7.8 out of 10

 

United Waters :: Sunburner

United-Waters-cover-575x575United Waters’ Sunburner is the sound of a hot apartment in July. With the air conditioner on the fritz the windows are wide open in the blazing afternoon and the sound of the neighborhood seeps in like the humid belches of heat that consume you. In the distance a guy cranks his stereo and blares some unrecognizable industrial album; the kid down the hall spends a half hour plucking an out-of-tune electric guitar, while a couple blocks away you can hear city workers breaking up a sidewalk. You can barely make it out, but someone is definitely playing a drumset, out of time of course and in intermittent slaps, pats, and tats. All of these noises are alarming at first. Painful even in the heat as you try to find some semblance of solitude amidst the cacophony of aural chaos. But after awhile all of these noises begin to mesh. They blend into this pharmaceutical, hypnotic sound soup. Underneath all of the noise you hear a low, monotone voice speaking to you, soothing you. What’s it saying? You can’t tell, but that’s okay. Pretty soon the city squall becomes this muffled, warbly pop song. A score to a sticky, sun and sweat-drenched afternoon. An industrial lullaby played in the key of nothing in-particular.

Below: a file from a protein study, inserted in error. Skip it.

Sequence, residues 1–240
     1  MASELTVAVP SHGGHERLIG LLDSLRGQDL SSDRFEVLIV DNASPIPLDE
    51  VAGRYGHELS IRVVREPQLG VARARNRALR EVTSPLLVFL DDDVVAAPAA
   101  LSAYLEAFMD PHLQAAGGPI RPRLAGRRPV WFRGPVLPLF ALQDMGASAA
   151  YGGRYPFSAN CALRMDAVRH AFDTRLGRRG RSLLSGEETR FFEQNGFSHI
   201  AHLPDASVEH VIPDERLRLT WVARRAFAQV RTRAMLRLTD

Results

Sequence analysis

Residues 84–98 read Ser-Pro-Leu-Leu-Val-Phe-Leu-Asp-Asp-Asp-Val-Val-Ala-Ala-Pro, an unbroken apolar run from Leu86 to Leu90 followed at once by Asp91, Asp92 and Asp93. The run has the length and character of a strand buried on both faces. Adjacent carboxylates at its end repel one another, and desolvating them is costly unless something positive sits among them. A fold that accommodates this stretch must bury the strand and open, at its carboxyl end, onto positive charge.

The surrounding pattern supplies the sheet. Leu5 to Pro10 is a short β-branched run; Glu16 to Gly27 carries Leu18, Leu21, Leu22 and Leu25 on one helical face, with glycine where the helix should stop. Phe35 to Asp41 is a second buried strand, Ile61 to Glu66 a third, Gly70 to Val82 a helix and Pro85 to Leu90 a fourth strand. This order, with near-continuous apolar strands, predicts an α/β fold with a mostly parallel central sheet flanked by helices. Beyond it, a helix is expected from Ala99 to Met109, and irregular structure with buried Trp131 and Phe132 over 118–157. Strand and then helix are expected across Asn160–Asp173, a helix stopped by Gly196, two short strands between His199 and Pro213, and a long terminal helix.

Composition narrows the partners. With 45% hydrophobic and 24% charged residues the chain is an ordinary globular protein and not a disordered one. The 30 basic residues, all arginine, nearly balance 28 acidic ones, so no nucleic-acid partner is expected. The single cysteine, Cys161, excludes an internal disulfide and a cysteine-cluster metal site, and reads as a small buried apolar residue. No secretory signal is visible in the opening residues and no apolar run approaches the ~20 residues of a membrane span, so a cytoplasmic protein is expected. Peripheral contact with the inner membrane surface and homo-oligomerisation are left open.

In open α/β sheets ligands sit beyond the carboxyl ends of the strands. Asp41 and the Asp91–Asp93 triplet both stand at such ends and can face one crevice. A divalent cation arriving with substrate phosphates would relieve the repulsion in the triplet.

I recently came across United Waters’ Sunburner and I was a bit perplexed. I wasn’t really sure what to make of it. Is it some avante garde take on noise rock? A codeine-laced, post-surgical numbed pop? I ran out of quirky, clever adjective-filled sentences to describe it. Pitchfork writer Marc Masters wrote this about Sunburner:

Yet every inch of Sunburner is muffled and drenched as if it’s wearing a sweater in 100-degree weather; at times, it resembles a Joy Division record played under a stack of mattresses.